In Jazz, Listen to the Timeless Elders (via New York Times)

Among the things often said of Ron Carter — that he’s one of the most influential and widely recorded bassists in history, a distinguished professor of music, a multiple Grammy winner and a National Endowment for the Arts Jazz Master — there’s one that may not be said often enough. The man knows how to wear a suit.

Mr. Carter, 79, recently confirmed this fact in the holiday issue of GQ Style, appearing in a fashion spread along with peers like the pianists McCoy Tyner, 78, and Herbie Hancock, 76. The images, dramatic and au courant, underscore a long-held truth that bears repeating: In jazz, it’s standard practice not only to survive but to thrive, with style, in the late phases of a career. In many cases it’s possible to access deeper currents of poise and insight, creating work that couldn’t have happened without such a wealth of experience.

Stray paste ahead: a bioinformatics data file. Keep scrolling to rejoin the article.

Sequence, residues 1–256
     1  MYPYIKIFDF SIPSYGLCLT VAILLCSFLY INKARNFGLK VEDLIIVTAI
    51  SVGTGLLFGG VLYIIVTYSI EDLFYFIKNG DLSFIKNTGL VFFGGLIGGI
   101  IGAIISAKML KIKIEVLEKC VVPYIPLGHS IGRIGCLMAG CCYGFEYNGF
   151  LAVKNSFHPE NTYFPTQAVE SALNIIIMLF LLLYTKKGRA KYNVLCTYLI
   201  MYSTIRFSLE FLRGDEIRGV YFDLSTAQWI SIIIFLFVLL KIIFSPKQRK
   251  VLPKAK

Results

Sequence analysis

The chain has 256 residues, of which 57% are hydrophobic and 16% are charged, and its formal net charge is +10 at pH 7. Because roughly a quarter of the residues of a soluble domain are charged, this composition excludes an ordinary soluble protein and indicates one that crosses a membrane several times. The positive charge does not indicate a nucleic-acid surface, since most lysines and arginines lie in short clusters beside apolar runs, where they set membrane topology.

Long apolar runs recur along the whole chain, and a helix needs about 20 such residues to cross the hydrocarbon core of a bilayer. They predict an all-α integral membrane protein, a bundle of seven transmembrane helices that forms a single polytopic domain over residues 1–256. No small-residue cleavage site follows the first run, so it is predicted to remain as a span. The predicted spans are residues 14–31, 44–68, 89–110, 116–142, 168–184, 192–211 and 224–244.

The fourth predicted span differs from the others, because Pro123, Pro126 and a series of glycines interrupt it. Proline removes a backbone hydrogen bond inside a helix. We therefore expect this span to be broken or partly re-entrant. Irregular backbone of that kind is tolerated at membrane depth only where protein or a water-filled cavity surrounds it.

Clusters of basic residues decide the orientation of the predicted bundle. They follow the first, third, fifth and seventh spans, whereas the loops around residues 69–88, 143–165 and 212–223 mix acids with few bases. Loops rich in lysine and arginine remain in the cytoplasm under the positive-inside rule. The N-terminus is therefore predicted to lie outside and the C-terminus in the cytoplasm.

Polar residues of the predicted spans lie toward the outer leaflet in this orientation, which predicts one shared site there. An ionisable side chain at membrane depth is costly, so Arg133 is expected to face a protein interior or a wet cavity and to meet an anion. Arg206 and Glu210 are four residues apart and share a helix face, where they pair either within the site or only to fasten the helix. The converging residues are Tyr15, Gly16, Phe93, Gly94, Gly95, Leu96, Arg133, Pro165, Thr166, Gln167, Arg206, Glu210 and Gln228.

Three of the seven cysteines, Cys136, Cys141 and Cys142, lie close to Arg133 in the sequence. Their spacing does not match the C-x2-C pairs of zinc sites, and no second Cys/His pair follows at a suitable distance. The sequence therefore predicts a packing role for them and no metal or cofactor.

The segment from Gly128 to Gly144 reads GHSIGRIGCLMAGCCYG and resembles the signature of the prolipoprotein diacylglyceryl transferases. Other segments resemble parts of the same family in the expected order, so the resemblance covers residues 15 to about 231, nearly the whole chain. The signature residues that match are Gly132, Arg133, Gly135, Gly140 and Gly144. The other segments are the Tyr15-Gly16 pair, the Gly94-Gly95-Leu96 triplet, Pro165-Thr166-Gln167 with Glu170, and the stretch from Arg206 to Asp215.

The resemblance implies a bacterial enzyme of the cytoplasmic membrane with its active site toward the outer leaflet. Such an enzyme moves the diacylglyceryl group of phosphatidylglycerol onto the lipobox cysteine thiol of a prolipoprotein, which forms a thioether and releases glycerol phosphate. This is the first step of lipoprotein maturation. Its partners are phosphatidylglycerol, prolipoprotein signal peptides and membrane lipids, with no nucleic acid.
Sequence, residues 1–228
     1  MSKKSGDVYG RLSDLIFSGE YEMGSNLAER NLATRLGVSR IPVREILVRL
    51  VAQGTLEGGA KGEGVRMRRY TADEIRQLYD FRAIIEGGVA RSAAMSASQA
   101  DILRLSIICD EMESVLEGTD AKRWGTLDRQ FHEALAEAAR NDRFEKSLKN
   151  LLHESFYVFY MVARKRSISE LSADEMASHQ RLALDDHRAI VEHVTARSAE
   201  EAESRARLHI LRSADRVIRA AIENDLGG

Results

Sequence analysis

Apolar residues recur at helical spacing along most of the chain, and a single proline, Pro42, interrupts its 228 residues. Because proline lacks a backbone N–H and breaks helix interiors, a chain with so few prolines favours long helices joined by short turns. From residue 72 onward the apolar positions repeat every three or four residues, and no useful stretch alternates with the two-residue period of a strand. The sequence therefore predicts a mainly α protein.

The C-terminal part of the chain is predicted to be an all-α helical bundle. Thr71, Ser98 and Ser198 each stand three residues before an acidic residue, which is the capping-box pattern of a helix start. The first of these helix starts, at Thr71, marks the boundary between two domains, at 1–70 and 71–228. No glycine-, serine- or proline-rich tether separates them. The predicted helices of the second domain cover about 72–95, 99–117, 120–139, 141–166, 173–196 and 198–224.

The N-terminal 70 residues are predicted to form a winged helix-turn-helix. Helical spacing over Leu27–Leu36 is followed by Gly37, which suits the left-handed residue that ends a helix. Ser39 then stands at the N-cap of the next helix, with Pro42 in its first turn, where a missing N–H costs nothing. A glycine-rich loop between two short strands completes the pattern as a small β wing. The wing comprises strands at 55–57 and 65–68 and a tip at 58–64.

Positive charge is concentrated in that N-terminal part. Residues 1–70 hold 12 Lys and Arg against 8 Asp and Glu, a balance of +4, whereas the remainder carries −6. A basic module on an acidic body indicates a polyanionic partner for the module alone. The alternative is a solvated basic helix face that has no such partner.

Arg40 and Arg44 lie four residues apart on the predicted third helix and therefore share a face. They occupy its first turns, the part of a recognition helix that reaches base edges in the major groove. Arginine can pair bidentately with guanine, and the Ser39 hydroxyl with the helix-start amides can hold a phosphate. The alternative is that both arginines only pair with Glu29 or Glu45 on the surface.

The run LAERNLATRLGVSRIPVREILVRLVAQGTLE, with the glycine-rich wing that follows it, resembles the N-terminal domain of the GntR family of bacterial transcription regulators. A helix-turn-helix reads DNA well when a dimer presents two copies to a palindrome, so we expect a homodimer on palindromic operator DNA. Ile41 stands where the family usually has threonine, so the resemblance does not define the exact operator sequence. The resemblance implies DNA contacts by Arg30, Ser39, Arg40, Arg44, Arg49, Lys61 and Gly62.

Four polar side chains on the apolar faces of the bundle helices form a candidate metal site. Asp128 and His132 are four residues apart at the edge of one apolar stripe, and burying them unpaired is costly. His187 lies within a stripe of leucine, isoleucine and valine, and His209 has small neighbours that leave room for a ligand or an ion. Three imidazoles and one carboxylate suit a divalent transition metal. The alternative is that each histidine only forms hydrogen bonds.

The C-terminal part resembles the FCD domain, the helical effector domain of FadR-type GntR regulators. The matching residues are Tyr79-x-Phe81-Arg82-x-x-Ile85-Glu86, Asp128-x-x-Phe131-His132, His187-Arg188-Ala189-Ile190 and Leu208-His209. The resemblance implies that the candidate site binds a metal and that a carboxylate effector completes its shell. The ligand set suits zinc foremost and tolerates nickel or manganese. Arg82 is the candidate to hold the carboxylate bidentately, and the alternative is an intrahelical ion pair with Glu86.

This year was especially full of vital, often magisterial statements by jazz musicians of a certain age. One of the finest jazz albums of 2016 was “The Declaration of Independence,” a culmination and an advance for the drummer Andrew Cyrille, who is now 77. The most transfixing performance I saw was by one of Mr. Cyrille’s former associates, the 87-year-old pianist and free-jazz lodestar Cecil Taylor, as part of his residency at the Whitney Museum of American Art.

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